Churchill continued to paint until he was in his eighties, still taking pleasure in his hobby. On his travels – to France, Italy (and Lake Como), Jamaica, and, after his resignation from government in 1955, to Sicily – Churchill was never without his paints and easel. He left Britain to find some sunshine and warm weather at Lord Beaverbrook’s villa La Capponcina at Cap D’Ail – this was to become an increasingly favoured haven in his last years for painting – and to La Pausa, a villa near Roquebrune above Cap Martin, the home of Emery and Wendy Reves.
‘Do not turn the superior eye of critical passivity upon these efforts …. We must not be ambitious. We cannot aspire to masterpieces. We may content ourselves with a joy ride in a paint-box.’
Churchill, Painting as a Pastime
Eventually, the frailties of old age caught up with Churchill. In 1958, he paid two long visits to La Pausa where he began to feel less and less inclined to pick up a brush (he caught bronchial pneumonia and suffered fevers while there); his physical strength was finally failing.
In 1959, Churchill visited Morocco – and Marrakech (where he’d painted some of his most acclaimed pictures) – and painted from his balcony at La Mamounia for the final time. And when he next visited La Pausa, later in 1959, he found himself no longer able to wield his paintbrush. But he continued to be feted and honoured, and he was treated as a great statesman, the ‘Old Warrior’, wherever he went.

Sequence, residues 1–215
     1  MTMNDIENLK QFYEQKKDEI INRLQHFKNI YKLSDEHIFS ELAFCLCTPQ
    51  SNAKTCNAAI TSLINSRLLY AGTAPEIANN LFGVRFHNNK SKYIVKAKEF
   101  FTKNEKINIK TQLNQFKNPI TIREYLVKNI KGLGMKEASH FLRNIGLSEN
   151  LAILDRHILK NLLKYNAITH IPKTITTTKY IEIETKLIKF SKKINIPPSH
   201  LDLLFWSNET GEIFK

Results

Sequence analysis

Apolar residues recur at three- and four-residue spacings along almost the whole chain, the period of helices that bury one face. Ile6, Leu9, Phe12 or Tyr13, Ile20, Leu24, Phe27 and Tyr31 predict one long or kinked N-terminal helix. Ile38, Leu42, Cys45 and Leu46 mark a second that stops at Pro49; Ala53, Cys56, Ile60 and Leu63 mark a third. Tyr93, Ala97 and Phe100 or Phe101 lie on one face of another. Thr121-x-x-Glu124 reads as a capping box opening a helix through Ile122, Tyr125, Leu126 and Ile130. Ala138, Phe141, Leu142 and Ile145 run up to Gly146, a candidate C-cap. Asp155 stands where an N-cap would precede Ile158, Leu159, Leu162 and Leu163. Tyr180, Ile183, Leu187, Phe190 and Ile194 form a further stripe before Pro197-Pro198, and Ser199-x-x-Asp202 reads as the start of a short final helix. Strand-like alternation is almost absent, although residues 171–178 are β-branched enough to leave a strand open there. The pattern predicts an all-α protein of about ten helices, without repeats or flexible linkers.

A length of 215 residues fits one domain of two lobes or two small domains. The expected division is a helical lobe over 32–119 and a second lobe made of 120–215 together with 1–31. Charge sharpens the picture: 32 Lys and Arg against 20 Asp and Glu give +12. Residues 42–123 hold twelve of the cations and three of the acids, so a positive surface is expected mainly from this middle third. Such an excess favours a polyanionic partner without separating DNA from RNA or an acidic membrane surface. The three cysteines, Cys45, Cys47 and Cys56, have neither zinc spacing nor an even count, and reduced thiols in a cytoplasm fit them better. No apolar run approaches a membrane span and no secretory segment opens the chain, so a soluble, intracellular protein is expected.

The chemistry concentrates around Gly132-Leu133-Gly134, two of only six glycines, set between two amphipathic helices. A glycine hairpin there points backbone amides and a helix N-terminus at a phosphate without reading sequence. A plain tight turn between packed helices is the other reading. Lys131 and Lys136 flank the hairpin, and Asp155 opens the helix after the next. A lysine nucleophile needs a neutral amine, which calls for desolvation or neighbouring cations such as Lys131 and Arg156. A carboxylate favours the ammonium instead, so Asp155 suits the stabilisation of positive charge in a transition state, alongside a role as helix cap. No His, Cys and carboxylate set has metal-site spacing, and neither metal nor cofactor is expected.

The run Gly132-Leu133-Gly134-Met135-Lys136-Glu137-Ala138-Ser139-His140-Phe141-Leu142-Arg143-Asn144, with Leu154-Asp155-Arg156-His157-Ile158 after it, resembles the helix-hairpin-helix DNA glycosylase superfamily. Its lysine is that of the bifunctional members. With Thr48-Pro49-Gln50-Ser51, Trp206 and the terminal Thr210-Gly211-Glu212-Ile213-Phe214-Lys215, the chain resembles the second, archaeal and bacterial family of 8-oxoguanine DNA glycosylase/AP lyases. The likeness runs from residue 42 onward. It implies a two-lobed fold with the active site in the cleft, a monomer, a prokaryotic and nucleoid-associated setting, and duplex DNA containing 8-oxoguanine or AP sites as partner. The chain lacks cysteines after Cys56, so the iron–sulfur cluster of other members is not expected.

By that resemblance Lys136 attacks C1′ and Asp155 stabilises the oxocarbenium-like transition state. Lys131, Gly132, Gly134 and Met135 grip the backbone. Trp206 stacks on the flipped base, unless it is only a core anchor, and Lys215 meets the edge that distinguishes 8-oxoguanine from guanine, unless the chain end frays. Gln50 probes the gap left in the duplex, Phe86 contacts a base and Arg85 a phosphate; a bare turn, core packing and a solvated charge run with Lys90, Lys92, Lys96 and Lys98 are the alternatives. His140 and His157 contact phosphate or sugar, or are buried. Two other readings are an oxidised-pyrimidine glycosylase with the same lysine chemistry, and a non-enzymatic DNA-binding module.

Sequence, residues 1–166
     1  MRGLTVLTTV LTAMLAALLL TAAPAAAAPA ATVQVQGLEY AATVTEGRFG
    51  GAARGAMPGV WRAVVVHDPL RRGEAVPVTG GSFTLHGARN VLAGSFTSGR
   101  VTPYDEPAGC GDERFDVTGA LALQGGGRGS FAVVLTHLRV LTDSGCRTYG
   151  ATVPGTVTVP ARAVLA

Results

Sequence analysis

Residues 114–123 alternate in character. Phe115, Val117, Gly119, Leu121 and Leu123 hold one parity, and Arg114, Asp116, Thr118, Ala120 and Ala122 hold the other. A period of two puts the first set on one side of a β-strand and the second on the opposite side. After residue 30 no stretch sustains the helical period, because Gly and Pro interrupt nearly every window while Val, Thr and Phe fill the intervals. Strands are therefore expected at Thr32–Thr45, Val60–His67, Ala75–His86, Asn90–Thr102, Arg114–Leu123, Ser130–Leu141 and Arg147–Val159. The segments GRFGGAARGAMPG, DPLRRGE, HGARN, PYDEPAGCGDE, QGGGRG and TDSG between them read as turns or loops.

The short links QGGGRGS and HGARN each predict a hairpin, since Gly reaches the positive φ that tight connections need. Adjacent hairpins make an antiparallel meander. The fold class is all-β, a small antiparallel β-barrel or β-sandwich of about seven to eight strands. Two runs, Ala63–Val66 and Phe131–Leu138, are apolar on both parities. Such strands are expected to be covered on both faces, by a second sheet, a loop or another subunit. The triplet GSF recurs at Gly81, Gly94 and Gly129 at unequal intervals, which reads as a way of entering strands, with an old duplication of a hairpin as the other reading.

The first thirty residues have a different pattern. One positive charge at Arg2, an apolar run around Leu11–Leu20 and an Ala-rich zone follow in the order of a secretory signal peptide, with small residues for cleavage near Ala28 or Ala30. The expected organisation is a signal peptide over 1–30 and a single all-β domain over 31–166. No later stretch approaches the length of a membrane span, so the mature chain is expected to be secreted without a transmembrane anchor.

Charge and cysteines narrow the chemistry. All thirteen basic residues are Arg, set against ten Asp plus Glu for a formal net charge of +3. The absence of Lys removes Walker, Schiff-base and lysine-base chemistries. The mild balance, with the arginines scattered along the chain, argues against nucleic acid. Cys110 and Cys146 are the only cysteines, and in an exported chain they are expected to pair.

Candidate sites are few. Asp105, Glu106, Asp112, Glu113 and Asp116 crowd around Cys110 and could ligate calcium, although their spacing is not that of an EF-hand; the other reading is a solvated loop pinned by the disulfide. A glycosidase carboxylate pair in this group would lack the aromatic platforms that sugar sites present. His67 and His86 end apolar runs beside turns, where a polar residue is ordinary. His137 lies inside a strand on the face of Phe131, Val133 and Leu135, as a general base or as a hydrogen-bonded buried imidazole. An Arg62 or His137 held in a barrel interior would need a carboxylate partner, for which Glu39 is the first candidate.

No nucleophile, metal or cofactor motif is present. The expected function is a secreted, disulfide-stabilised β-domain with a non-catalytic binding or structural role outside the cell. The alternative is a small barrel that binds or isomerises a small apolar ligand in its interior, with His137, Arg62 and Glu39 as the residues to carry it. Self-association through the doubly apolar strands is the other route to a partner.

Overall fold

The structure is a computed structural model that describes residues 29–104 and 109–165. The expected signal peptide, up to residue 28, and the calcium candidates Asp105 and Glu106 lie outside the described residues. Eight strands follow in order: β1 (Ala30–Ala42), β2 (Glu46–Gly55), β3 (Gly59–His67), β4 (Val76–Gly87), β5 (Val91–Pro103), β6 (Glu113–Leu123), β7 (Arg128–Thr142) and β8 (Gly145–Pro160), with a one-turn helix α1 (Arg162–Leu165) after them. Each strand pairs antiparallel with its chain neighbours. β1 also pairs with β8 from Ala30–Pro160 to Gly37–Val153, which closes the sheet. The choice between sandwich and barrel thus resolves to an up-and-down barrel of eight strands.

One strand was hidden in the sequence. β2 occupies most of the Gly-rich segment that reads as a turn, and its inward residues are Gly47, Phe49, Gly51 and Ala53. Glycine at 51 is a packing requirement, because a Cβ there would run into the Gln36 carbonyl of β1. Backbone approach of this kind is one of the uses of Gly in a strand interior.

He enjoyed a final visit to the White House in 1959 and made one last visit to New York on board the ‘Christina’ in 1961. In America, he became the second person after Revolutionary War hero the Marquis de Lafayette to receive honorary US citizenship and the first by Act of Congress. On 9 April 1963, Kennedy signed a Congressionally authorized proclamation conferring honorary US citizenship upon Churchill. Too frail to travel to America to attend the ceremony, Churchill watched from England via live satellite broadcast.
In June 1962, Churchill broke his hip during a fall in his bedroom at the Hotel de Paris in Monte Carlo and was transferred to the Middlesex Hospital (he told Montague Browne ‘I want to die in England’ and was flown back in a scrambled RAF jet). He stayed in hospital for two months.
In fact, Churchill was more than ready for retirement. Only a year after his resignation, days before his eighty-second birthday, he finally admitted that he was not the man he was; he could not be Prime Minister now. Only a week after his last cabinet meeting, he and Clemmie went on holiday to Syracuse.
I am not the man I was. I could not be Prime Minister now.
Churchill to Lord Moran, 26 November 1956 (cited in Langworth Churchill: In His Own Words)
Even though he was not the man he was, and despite his failing health, Churchill began his ‘retirement’ with some of his old vigour and energy. For an elderly man, he was remarkably resilient and determined. He embarked on holidays, painting tours and new writing projects.
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The International Churchill Society (ICS), founded in 1968 shortly after Churchill's death, is the world’s preeminent member organisation dedicated to preserving the historic legacy of Sir Winston Churchill.
At a time when leadership is challenged at every turn, that legacy looms larger and remains more relevant than ever.